Ray Barretto

rbarretto2.jpgRay Barretto a.k.a. King of the Hard Hands (April 29, 1929 – February 17, 2006), was a Grammy Award-winning Puerto Rican jazz musician, widely credited as the godfather of Latin jazz. He was also the first Hispanic to record a Latin song which became a “hit” in the American Billboard Charts.

Barretto was born in New York City of Puerto Rican descent. His parents moved to New York from Puerto Rico in the early 1920s, looking for a better life. He was raised in Spanish Harlem and at a very young age was influenced by his mother’s love of music and by the jazz music of musicians such as Duke Ellington and Count Basie.

In 1946, when Barretto was 17 years old, he joined the Army. While stationed in Germany, Barretto met Fats Sadi, who was working there. However, it was when he heard Dizzy Gillespie’s “Manteca” with Cuban percussionist, Chano Pozo, that he realized his true calling in life.rbarretto3.jpg

In 1949, when Barretto returned home from military service, he started to visit clubs and participated in jam sessions, where he perfected his conga playing. On one occasion Charlie Parker heard Barretto play and invited him to play in his band. Later, he was asked to play for Jose Curbelo and Tito Puente, for whom he played for four years. Barretto developed a unique style of playing the conga and soon he was sought by other jazz band leaders. Latin percussionists started to appear in jazz groups with frequency as a consequence of Barretto’s musical influence.

In 1960, Barretto was a house musician for the Prestige, Blue Note, and Riverside labels. New York had become the center of Latin music in the United States and a style called “Charanga” was the Latin music craze of the time.

In 1961, Barretto recorded his first hit, “El Watusi”, the first Latin song to enter the Billboard charts. He was quite successful with the song and the genre. In 1967, he joined the Fania record label where he recorded “Acid”, an experiment joining rhythm and blues with Latin music. Just as his salsa group attained a remarkable following most of its members left it to form Tipica 73, a multinational salsa conglomerate. This left Barretto depressed and disappointed with salsa; he then redirected his efforts into Latin jazz, while remaining as musical director of the Fania All Stars. Barretto’s 1968 album Acid contained the song “Deeper Shade of Soul”, which was sampled for the 1991 US (#21) hit of the same name by Dutch band Urban Dance Squad.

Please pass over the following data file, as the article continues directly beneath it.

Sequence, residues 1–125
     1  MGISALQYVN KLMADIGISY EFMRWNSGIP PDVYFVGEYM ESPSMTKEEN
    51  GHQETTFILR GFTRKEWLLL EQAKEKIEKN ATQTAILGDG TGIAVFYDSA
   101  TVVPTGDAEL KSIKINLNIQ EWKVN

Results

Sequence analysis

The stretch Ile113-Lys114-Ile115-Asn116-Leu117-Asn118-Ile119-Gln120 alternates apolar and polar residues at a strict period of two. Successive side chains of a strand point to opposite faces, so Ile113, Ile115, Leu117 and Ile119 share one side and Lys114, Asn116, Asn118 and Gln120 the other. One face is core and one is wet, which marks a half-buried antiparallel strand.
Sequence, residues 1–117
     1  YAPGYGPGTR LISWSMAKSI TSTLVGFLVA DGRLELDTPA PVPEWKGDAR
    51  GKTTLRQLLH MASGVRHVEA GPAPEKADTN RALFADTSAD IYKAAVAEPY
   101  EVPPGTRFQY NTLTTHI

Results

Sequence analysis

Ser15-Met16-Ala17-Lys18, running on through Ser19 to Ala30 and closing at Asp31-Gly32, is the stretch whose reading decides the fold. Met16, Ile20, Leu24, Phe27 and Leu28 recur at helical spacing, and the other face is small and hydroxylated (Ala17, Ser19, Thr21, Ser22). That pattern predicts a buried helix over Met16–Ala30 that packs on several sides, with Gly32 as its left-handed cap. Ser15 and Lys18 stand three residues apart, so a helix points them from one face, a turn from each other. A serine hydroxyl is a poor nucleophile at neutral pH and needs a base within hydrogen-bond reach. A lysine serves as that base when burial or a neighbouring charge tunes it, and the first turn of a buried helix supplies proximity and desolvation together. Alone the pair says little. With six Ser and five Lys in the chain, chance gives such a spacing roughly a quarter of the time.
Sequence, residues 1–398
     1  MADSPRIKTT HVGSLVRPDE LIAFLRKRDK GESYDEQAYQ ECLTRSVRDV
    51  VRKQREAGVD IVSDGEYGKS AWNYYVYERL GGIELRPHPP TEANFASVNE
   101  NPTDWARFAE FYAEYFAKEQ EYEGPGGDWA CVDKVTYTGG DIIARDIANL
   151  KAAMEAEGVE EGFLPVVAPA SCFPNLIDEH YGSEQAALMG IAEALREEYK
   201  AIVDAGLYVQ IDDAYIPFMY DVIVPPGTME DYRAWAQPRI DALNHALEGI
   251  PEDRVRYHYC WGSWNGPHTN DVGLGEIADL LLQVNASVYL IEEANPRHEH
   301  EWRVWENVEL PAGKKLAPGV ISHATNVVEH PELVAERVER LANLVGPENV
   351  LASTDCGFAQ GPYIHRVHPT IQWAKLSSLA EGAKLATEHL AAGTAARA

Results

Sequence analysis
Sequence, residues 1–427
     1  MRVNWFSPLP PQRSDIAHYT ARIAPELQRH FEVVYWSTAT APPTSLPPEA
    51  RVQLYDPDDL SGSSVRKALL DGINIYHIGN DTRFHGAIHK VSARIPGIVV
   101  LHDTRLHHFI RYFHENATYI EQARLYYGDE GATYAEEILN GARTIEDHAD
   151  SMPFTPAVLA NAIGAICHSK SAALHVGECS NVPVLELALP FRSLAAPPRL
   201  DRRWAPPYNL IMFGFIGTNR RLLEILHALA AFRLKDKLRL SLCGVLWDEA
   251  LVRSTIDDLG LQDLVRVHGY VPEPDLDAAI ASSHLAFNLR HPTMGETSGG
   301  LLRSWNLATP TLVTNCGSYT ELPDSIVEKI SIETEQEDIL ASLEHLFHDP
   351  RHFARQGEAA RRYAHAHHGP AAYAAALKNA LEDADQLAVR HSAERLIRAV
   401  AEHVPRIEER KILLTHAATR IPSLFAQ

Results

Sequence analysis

rbarretto4.jpgBarretto played the conga in recording sessions for the Rolling Stones and the Bee Gees. In 1975 he was nominated for a Grammy Award for the song “Barretto”. From 1976 to 1978, Barretto recorded three records for Atlantic Records, including “La Cuna”, and was nominated for a Grammy for “Barretto Live…Tomorrow”. In 1979, he produced a salsa record for Fania, titled “Ricanstruction”, which was named 1980 “Best Album” by Latin N.Y. Magazine, with Barretto crowned as Conga Player of the Year.

In 1990, Barretto finally won a Grammy for the album “Ritmo en el Corazon” (Rhythm in the Heart), which featured the vocals of Celia Cruz. In 1999, Barretto was inducted into the International Latin Music Hall of Fame.

Barretto lived in New York and was an active musical producer, as well as the leader of a touring band which has embarked in tours of the United States, Europe, Israel and Latin America.